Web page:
Chris Penn was born at Battle in Sussex in 1943. She studied at Hastings College of Art (1958–61), Central School of Art (1961–64), trade engraving at the Sir John Cass School in London’s East End, and the Slade School of Art (1977–78). At Central she was taught relief printmaking techniques by Gertrude Hermes who was to become a close personal friend; to this day Chris Penn remains a staunch advocate of the art of copper plate engraving which she believes to be in danger of of becoming a lost skill. She was also fortunate to benefit from the teachings of Roderic Barrat at Central: 'How I adored his endless wisdom. Three whole years of it!', she recalled.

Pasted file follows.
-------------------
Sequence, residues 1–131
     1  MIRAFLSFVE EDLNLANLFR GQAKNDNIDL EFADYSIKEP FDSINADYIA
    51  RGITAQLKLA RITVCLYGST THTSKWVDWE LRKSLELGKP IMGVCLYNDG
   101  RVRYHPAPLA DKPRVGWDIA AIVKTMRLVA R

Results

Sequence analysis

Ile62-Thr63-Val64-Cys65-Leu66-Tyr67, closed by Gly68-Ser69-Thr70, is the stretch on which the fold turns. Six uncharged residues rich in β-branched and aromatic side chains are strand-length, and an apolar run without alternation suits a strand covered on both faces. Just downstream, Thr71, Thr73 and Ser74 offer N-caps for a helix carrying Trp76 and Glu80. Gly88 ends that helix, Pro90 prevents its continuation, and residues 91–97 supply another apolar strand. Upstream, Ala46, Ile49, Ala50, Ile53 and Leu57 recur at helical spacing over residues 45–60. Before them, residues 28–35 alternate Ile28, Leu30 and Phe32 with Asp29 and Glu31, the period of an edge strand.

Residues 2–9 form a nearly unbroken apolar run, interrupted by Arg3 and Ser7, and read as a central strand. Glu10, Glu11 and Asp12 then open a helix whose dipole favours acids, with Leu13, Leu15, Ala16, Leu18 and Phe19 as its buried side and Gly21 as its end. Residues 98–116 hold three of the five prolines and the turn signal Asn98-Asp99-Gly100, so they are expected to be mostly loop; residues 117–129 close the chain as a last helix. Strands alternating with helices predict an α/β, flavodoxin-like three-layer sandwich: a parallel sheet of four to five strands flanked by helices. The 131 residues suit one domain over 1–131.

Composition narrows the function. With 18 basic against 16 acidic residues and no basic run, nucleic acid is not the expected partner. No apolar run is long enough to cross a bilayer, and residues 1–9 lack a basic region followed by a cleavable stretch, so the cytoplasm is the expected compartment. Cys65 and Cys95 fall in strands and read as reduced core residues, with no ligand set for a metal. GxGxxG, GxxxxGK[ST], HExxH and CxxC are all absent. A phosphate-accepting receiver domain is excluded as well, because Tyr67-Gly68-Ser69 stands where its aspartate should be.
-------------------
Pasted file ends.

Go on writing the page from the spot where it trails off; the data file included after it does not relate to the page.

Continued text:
She has staged several solo exhibitions of her work in London and in Stockholm and has contributed to numerous group shows including the ICA Gallery (London), Royal Academy of Art and Gallery Graphic Huset (Stockholm). Sussex Ironmaster (1965) is reproduced in Walter Chamberlain’s essential Manual of Wood Engraving (Thames and Hudson, London 1978). Her prints are represented in public collections from the Sainsbury Centre at the University of East Anglia to the Museum of Modern Art, New York. The University of Wales, Aberystwyth, however, holds the largest public collection. These were purchased from and donated by the artist.
Penn’s works on metal, and ‘engravings’ on wood and linoleum, as well as her carved and painted sculptures, show enormous diversity. In each she has been concerned with the representation of the human form, the figure a vehicle in her search to find visual equivalents for certain emotions, political or religious beliefs. The extraordinarily personal motifs she engraves on linoleum and copper are distinctive and highly emotive. Chris Penn recently moved from Nottingham to Northumberland where she continues to work.